Haymarket Books has come under scrutiny in the last week over a recently announced anthology that critics say badly misjudges the wants and needs of the disability community.
The project, titled Against Ableism: An Anthology, was conceived early last year, and scheduled to be edited by poets Shira Erlichman, Ilya Kaminsky, and Morgan Parker. A call for submissions was announced on April 7 in a since-deleted tweet by Erlichman. On April 8, an open letter was released by four main signatories: CUNY doctoral candidate and published poet Jesse Rice-Evans, and three others who chose to remain anonymous because of their status as multiply-marginalized poets and anticipating the risk of what Rice-Evans described as “blowback.” The letter has since been signed by 339 people.
The letter, which names both Haymarket Books and the poetry community at-large, takes issue with the perceived level of involvement the editors have with disability justice—a framework established by disabled queer women of color activists, including Patty Berne, that stresses examining issues of disability and ableism through an intersectional lens, deliberately expanding upon and challenging the whiteness of the disability rights movement and its lack of intersectional analysis and action. The letter also takes umbrage over exclusionary practices that already exist within the poetry community, the wording of a call for submissions that does not focus on identity-first language (i.e., “disabled person” versus “person with a disability”), and that the initial call did not include accessibility features like alt-text.
The open letter also calls for Haymarket to disclose how the editors were selected, asks whether any of the editors are autistic or otherwise neurodivergent, questioned a lack of non-cis editors, and asked whether “the editors and press have the community and political savvy to engage the vast umbrella of Disability?”
On Twitter, further critiques were advanced, largely by Black people working within the disability justice movement, including over the lack of pay for contributors. "Anyone who has worked in disability arts knows that we work hard to pay each other, very often under the table so as not to compromise people’s benefits. That this opportunity was unpaid says that there was no one in the room from disability arts spaces," poet Cyrée Jarelle Johnson said. His Twitter thread summed up the main issues that activists and artists have with the project.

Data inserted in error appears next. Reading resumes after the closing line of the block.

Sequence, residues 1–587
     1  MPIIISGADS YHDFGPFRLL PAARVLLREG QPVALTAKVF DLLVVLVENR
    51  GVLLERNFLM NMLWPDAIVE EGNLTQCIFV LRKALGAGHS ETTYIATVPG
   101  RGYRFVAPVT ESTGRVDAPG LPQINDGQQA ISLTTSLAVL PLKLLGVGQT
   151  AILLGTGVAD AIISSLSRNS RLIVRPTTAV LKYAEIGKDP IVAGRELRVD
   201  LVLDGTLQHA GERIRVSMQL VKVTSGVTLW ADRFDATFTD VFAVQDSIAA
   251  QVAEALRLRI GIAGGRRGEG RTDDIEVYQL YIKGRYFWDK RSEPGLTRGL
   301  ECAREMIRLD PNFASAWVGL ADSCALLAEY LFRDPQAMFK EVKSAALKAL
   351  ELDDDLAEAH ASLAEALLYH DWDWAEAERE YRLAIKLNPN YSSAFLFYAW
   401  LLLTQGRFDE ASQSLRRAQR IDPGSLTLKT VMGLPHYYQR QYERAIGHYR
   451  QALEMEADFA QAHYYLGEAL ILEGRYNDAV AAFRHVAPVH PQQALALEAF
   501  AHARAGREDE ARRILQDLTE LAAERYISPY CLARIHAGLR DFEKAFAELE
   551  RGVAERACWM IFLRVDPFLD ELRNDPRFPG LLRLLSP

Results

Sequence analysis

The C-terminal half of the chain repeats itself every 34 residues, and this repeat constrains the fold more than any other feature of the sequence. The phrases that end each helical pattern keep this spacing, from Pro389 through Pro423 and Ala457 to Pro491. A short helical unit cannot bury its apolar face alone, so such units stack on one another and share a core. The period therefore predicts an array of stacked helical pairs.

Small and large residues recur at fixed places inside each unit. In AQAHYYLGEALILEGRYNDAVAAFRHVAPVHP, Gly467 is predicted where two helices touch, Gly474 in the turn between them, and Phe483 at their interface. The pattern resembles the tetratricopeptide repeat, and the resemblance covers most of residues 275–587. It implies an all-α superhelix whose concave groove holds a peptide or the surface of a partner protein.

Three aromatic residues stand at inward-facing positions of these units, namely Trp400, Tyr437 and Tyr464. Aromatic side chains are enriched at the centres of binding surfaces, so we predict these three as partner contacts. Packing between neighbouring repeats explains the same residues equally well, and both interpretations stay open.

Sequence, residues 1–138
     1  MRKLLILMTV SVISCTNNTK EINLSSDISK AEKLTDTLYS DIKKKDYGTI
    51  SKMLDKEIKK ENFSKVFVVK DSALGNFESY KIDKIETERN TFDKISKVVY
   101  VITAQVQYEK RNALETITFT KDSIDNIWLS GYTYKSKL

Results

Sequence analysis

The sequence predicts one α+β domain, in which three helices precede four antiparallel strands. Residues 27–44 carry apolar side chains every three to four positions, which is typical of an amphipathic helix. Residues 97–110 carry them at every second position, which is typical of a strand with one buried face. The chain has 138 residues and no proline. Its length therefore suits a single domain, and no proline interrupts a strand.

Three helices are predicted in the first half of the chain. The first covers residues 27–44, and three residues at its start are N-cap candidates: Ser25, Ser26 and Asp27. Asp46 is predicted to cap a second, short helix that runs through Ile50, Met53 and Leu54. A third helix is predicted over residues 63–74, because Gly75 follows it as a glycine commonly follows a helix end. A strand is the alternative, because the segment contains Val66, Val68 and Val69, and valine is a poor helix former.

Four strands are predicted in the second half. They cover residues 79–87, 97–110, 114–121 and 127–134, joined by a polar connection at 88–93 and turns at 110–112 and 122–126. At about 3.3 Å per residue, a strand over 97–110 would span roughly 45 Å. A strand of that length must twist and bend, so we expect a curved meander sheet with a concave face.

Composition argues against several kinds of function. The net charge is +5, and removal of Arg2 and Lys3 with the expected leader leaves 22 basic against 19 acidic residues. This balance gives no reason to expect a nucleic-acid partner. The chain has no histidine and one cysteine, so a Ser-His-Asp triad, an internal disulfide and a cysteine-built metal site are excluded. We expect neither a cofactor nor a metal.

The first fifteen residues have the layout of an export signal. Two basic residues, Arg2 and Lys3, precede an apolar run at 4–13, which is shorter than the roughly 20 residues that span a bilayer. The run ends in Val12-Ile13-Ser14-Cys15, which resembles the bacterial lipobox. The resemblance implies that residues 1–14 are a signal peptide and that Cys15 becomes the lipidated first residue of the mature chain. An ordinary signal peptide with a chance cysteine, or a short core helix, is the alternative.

The group, in a collectively crafted follow-up to Publishers Weekly, said that the issue with the editors involved wasn’t that they didn’t have a relationship to disability, but that the word ableism—discrimination based on ability or perceived ability—in the title sets a certain bar within the disability poetry community. “...we expected for an ‘anti-ableist’ anthology to be coordinated by folks who have been doing anti-ableist organizing in literary spaces.” The letter included a long list of suggested poets and editors, and also pointed to what Rice-Evans called, in a follow up email, the erasure of disabled people in literary spaces that was most visible through a lack of access features on the original call.
“Access is not optional for many disabled writers,” Rice-Evans told PW. “We see evidence of this is in the number of redacted signatories [of the open letter]—people who have been fighting for access in literary spaces that force us to perform in hyper-abled professionalized spaces that are inaccessible for so, so many of us. And the erasure is so profound that even disabled writers do not build community with one another because we’re pitted against each other to be the chosen, 'acceptable' token sick person.”